Simple gifts …

© Mary Garner-Mitchell. Bookshelves at Fantastic Thrift, Richmond, Virginia

Finding a penny, a blue heron, or a hawk crossing my path, such “signs” from above or beyond never fail me when I need a boost or comfort or just some divine assurance that I am never alone, that there is something “more” and beyond my mere mortal comprehension.  My most knee-buckling “sign” however is one of song. It is uncanny how this tune seems to follow me no matter where I go or whether my mood is sheer happiness or one of heartbreak.  I know it’s popular and it always pleases me to hear it whether at weddings or funerals. Yet it is impossible to recount the numerous times I will be driving along in silent melancholy, flip on the radio and it is this song floating into my ears. It is the old Shaker Hymn “Simple Gifts.”  Just last week, I happened to mention this musical phenomenon to someone in an email and a day later, only hours after learning of the death of a very close friend, it happened again. Only this time a bit out of the ordinary. In my grief, I found myself stumbling around a thrift shop (truly, I hardly remember driving there) and as I walked past the books, I was struck dumb as the booklet you see here was lying face up on the bottom shelf.  It is an illustrated version of the song’s lyrics, very whimsical and brightly colored, and fully of silly cats! I caught my breath, snatched it up and I carried it around in my shopping basket for an hour. I eventually decided that it wasn’t for me to actually buy or have. I know the words by heart and perhaps another would benefit from its simple gift — the message to once more take heart, to not be sad but instead to be thankful for the wonders of this life and the blessings and people in it, both past and present — to be encouraged and to “Come round right.”

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“Simple Gifts” was written in 1848 by Elder Joseph Brackett (1797–1882) while he was at the Shaker community in Alfred, Maine. These are the lyrics to his one-verse song.

‘Tis the gift to be simple, ’tis the gift to be free
‘Tis the gift to come down where we ought to be,
And when we find ourselves in the place just right,

‘Twill be in the valley of love and delight.
When true simplicity is gain’d,

To bow and to bend we shan’t be asham’d,
To turn, turn will be our delight,

Till by turning, turning we come ’round right.[2]

White Room

© Mary Garner-Mitchell. Collection of miscellaneous white porcelain in the kitchen at Stagfield, Ashland, Virginia.

Perhaps you’ve heard the expression Like white on rice?  (You have to be Southern to say it “rite!”) Lest you wonder, it means something that’s integral, something through and through, something so stuck on something else that there is no separation.  I’m that way with old things. I don’t particularly like new, unless it’s a new car. That’s why thrift stores and junk shops are so appealing to me. And I seem to always be drawn to things that are or once were white.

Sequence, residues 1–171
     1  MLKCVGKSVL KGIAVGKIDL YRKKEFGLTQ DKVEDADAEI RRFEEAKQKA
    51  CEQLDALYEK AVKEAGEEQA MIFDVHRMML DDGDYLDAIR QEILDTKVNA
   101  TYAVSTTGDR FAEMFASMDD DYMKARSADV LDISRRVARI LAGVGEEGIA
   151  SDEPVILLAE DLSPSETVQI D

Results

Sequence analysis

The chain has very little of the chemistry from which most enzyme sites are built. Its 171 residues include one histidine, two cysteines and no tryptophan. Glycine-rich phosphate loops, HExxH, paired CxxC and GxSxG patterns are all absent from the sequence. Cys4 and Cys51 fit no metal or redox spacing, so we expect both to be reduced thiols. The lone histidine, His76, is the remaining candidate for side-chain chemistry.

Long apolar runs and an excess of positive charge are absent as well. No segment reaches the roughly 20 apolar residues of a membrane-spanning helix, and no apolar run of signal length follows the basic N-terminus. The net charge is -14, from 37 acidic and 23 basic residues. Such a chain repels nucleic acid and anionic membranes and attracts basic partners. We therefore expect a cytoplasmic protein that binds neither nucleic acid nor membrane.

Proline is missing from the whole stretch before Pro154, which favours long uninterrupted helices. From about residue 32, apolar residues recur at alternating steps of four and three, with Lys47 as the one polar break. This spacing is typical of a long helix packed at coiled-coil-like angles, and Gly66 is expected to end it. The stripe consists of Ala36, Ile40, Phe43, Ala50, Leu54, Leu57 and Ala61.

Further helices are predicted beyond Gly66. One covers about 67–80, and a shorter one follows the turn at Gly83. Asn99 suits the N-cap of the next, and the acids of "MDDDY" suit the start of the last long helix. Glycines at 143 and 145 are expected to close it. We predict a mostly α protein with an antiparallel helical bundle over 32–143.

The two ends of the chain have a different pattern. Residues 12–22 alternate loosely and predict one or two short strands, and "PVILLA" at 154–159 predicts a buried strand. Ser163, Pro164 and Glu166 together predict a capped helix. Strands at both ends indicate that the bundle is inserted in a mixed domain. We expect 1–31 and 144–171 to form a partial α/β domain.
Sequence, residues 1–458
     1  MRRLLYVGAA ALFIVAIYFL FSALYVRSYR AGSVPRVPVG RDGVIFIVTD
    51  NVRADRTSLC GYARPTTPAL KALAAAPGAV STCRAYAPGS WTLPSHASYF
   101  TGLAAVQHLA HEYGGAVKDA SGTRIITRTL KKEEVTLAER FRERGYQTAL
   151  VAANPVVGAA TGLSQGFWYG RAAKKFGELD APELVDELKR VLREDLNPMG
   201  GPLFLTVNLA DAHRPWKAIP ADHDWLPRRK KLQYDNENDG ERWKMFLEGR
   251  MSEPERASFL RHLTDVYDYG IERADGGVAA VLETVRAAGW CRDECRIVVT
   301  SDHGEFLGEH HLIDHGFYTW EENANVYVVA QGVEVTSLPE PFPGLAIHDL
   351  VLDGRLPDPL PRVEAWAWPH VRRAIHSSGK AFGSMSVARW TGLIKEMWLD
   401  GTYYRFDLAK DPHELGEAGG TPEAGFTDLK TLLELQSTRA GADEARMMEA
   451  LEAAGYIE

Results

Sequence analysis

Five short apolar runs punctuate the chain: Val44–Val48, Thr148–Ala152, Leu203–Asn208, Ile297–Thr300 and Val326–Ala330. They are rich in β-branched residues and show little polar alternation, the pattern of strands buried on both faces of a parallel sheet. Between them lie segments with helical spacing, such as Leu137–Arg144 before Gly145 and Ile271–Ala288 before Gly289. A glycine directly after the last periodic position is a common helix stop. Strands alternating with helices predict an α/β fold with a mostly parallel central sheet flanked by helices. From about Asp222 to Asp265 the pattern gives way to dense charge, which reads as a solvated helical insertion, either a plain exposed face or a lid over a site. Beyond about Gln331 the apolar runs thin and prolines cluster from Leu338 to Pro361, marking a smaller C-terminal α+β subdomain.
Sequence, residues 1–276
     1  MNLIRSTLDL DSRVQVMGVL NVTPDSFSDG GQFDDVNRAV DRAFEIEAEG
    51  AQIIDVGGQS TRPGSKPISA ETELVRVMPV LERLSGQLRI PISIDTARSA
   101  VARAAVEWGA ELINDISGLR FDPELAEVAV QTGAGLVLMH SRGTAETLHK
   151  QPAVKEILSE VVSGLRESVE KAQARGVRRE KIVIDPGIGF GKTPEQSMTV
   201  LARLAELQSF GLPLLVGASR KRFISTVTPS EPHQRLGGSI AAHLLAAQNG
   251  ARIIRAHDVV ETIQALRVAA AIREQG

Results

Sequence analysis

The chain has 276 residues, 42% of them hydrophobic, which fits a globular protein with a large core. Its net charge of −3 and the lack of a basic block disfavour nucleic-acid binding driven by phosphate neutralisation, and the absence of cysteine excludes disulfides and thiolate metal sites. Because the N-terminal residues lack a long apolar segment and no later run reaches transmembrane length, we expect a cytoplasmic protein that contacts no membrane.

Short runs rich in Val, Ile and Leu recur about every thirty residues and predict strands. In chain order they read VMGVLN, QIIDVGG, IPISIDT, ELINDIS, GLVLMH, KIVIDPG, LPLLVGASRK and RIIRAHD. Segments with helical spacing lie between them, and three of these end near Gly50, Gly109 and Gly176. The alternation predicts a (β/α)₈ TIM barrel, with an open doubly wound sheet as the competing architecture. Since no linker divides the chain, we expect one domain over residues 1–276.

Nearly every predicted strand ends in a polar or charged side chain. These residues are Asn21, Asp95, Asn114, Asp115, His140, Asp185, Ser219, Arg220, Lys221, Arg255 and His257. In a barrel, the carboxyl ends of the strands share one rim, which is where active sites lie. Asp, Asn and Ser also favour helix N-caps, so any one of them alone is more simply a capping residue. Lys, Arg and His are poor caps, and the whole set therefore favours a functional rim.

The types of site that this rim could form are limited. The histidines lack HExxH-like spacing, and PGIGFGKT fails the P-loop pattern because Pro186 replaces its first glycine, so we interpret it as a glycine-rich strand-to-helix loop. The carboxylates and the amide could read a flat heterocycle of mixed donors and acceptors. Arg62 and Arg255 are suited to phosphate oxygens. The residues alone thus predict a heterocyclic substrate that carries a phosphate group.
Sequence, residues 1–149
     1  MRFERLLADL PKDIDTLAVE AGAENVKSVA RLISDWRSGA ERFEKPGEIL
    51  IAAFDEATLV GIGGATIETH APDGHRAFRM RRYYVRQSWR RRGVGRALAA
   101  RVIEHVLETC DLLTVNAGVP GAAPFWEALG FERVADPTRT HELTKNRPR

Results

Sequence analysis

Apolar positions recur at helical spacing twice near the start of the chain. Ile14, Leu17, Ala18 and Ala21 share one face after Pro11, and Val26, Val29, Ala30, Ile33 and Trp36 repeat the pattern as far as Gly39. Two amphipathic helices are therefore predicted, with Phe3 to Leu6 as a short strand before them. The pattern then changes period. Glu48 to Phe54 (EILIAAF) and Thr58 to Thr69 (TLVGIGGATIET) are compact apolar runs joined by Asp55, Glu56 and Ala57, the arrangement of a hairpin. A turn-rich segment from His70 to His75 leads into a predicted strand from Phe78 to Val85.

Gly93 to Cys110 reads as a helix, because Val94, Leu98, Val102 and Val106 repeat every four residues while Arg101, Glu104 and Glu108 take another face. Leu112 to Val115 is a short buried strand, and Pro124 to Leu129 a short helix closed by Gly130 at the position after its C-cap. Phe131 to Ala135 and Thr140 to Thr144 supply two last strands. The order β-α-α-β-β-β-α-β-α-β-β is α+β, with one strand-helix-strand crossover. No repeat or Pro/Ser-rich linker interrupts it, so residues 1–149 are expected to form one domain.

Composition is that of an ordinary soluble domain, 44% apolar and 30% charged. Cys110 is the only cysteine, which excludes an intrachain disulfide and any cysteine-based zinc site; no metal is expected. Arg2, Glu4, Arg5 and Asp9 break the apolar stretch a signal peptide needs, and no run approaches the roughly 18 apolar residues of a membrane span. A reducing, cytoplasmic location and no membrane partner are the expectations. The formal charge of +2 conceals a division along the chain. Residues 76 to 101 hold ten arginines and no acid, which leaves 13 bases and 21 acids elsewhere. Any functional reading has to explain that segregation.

I like how my collections of white objects are testament to their former purpose or previous life. Maybe with antique linens being the one exception, cracks, crazing, grease spots, the way a sugar cone has oxidized over the years earn these items  “most favored” status for they are the pieces that speak to me of memory, of time passing. Rarely do I think, “Oh, I wish this were restored to its original gloriousness, all clean and pristine.”  No, I like “50 shades of white” over the singular non color of new … “where the shadows run from themselves.”

© Mary Garner-Mitchell.

This photo deserves a bit more of a caption. Daddy made this Shaker-style table in 1975 for my first apartment from walnut he and my grandfather harvested long before I was born. If the house were to ever catch fire, I would certainly grab this piece on my way out! The reticulated bowl and platter filled with dried lichens may be one of my best thrift shop finds. It has an impressed stamp on the bottom that is hard to make out. If the Roadshow ever comes this way, I’m taking it and an early 19th century piece of French needlepoint for evaluation.The deer figurine is a yard sale find and I think I paid a whopping 5 bucks for it the year we moved into Stagfield. It moves around the house quite a bit. It is soapstone, I believe. The round plaque, a reproduction I buried in the yard for a winter so it would get mossy and gross enough to earn its spot amongst the old stuff!  The chalk urn I spotted in the barn of the same grandparents’ home when I was a little girl. When they held the estate sale many years later, I asked my mother to look for it and it was exactly where I had remembered!  It is my all-time favorite flower-arranging vessel. It holds pussy willow from the yard most of the time. The ironstone tureen is a much-treasured piece, and it, too, is on the “save list” as it has been handed down from my mother’s family for several generations and has held the centerpiece florals at numerous weddings, mine included.